PURPOSE: To calculate cost-effectiveness and cost-utility ratios for adjuvant postmastectomy locoregional radiotherapy in premenopausal node-positive breast cancer patients and to place these ratios in the context of generally accepted medical expenditures. MATERIALS AND METHODS: A spreadsheet-based activity costing model using 1997 Canadian (cdn) capital, operating, and administrative costs has been used to identify, from the institutional perspective, the incremental cost of adding radiotherapy to surgery and chemotherapy for this group of patients. Outcome data were derived from two recently published clinical trials and were converted to discounted incremental life years and quality-adjusted life years gained. Recommended health economics principles were employed in the quantification of both costs and outcomes, and a sensitivity analysis was performed. Three referenced publications provide a context within which to evaluate the calculated cost-effectiveness and cost-utility ratios. RESULTS: The incremental cost of adjuvant radiotherapy for this group of patients is calculated to be approximately $7,000cdn in 1997 Canadian dollars and in the Canadian socialized health-care environment. Based on published work the discounted incremental outcome benefit is calculated to be 0.5 life years or 0.45 quality-adjusted life years at ten years. Thus, cost effectiveness and cost-utility ratios are estimated to be $14,000cdn and $15,600cdn, respectively. CONCLUSION: Within the context of generally accepted medical expenditures, adjuvant postmastectomy locoregional radiotherapy for premenopausal node-positive breast cancer patients would be regarded as a cost-effective treatment strategy.
UI - 11759964
AU - Chowchuen B; Chowchuen P
TI - Immediate breast reconstruction with free TRAM flap: a case report with a 10-year follow-up and radiological imaging.
SO - J Med Assoc Thai 2001 Jul;84(7):1037-45
AD - Department of Surgery, Faculty of Medicine, Khon Kaen University, Thailand.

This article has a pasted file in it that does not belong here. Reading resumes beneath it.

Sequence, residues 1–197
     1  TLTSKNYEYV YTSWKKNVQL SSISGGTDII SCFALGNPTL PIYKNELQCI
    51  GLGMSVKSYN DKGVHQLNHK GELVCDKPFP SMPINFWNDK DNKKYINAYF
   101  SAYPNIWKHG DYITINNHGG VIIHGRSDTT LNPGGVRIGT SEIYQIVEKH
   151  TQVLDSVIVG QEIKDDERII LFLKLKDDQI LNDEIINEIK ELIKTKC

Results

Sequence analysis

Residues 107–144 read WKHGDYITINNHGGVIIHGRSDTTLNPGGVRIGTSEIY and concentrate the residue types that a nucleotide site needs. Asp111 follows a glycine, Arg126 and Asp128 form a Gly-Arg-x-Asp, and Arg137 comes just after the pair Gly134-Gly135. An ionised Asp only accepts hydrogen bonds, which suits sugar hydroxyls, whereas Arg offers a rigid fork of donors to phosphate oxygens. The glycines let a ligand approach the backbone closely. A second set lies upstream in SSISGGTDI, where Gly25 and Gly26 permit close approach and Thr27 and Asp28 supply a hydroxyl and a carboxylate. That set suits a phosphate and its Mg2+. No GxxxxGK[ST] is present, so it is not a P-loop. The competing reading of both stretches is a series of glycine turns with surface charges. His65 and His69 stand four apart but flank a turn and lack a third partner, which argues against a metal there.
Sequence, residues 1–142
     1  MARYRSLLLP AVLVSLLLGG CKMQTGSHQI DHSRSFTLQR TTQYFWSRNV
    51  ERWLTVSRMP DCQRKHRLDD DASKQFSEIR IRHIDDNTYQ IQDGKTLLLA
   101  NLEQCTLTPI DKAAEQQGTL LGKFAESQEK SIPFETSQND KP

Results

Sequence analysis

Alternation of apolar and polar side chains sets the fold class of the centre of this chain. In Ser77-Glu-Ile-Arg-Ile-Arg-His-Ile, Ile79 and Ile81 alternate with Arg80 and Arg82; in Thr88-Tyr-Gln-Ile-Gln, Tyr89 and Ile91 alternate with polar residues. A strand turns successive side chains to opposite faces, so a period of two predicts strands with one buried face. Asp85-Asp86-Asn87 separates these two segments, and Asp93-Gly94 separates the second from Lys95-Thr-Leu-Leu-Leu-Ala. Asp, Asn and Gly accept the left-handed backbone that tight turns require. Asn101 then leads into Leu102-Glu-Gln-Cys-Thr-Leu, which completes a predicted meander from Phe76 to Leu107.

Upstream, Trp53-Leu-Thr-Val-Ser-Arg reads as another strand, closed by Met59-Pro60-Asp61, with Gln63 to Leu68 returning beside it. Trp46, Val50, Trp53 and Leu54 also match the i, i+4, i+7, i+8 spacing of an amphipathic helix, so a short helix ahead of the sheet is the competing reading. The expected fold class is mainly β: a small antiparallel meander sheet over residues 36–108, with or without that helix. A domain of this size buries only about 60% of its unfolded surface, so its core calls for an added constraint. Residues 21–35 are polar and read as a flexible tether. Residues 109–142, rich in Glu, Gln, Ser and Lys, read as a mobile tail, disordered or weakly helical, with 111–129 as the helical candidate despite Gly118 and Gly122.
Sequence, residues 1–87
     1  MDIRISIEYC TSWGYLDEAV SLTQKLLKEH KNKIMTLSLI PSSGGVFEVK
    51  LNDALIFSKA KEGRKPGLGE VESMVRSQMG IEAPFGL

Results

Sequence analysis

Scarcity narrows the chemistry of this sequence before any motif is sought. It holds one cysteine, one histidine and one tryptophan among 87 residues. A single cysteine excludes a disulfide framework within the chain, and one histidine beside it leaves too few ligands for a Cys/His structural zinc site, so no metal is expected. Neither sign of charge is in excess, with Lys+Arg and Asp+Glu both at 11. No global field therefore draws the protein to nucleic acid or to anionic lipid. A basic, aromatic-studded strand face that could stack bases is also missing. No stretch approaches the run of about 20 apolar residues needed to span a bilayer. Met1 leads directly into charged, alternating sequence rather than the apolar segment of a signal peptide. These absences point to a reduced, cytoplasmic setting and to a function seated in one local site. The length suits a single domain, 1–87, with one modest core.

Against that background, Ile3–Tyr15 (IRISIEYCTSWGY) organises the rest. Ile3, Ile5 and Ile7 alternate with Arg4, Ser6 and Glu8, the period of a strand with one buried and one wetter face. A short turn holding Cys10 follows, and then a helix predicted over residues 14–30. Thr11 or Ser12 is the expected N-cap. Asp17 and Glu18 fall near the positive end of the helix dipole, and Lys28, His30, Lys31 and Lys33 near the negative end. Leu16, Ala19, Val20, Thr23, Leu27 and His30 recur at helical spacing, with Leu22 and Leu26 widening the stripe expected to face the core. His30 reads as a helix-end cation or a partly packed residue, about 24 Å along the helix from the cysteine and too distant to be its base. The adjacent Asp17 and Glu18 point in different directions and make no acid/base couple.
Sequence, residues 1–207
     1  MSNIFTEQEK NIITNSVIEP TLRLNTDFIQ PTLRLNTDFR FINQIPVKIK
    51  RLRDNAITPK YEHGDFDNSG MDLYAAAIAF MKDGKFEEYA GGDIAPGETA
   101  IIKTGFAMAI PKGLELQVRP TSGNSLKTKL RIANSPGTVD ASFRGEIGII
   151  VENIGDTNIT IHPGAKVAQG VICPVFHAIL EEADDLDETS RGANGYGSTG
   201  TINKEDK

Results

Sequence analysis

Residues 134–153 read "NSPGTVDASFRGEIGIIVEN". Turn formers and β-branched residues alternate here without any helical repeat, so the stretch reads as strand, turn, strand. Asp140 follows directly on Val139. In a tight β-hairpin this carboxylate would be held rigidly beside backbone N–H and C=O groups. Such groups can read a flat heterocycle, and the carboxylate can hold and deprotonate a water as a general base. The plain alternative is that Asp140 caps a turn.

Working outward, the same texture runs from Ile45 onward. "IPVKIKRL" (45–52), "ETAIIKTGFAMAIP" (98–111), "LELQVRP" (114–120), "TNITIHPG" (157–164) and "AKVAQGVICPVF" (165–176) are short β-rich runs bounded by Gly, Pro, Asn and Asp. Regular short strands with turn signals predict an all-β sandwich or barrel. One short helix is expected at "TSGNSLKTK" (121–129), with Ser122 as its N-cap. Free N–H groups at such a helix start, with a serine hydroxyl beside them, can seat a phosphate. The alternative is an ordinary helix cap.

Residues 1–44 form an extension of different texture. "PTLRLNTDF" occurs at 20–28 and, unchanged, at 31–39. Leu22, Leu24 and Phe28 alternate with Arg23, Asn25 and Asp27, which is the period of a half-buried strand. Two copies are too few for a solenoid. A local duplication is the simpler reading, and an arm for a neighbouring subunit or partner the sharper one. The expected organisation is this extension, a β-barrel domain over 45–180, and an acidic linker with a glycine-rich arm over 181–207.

Immediate breast reconstruction using free microsurgical transverse rectus abdominis flap (free TRAM flap) has been emerging as the recommended treatment for breast cancer patients. Progress of a patient receiving this treatment was documented using a ten-year follow-up study. The results were very satisfactory in both cosmetic appearance and therapeutic result. The surgical techniques of breast mound reconstruction and subsequent nipple and alreolar reconstruction with contralateral mastopexy were described. Mammographic findings of the post-reconstruction breast, recommendation for follow-up and the use of mammography were presented. With this successful long-term follow-up, the authors recommend immediate breast reconstruction using free TRAM flap as another option for breast cancer treatment.
UI - 10925929
AU - Fassoulaki A; Sarantopoulos C; Melemeni A; Hogan Q
TI - EMLA reduces acute and chronic pain after breast surgery for cancer.
SO - Reg Anesth Pain Med 2000 Jul-Aug;25(4):350-5
AD - Department of Anesthesiology, St Savas Hospital, Athens, Greece.
BACKGROUND AND OBJECTIVES: A significant percentage of women undergoing breast surgery for cancer may develop neuropathic pain in the chest, and/or ipsilateral axilla and/or upper medial arm, with impairment in performing daily occupational activities. We designed this study to determine if the perioperative application of EMLA (eutectic mixture of local anesthetics; AstraZeneca) cream in the breast and axilla area reduces analgesic requirements, as well as the acute and chronic pain after breast surgery. METHODS: Forty-six female patients scheduled for breast surgery received randomly 5 g of EMLA or placebo on the sternal area 5 minutes before surgery, and 15 g on the supraclavicular area and axilla at the end of the operation. Treatment with EMLA cream (20 g) or placebo was also applied daily on the 4 days after surgery. In the postanesthesia care unit (PACU), 3, 6, 9, and 24 hours after surgery, and on the second to sixth day postoperatively, pain was assessed by visual analogue scale (VAS) at rest and after movement, and postoperative analgesic requirements were recorded. Three months later, patients were asked if they had pain in the chest wall, axilla and/or medial upper arm, decreased sensation, if they required analgesics at home, and for the intensity of pain. RESULTS: Acute pain at rest and with movement did not differ between the EMLA and control groups, and the analgesics consumed during the first 24 hours were the same for the EMLA and control groups. However, time to the first analgesia requirement was longer (P = .04), and codeine and paracetamol consumption during the second to fifth days was less (P = .001, and P = .004, respectively) in the EMLA versus the control group. Three months postoperatively, pain in the chest wall, axilla, and the total incidence and the intensity of chronic pain were significantly less in the EMLA versus the control group (P = .004, P = .025, P = .002 and P = .003, respectively). The use of analgesics at home and abnormal sensations did not differ between the 2 groups. CONCLUSIONS: The application of EMLA to patients undergoing breast surgery for cancer reduced the postoperative analgesic requirements and the incidence and intensity of chronic pain.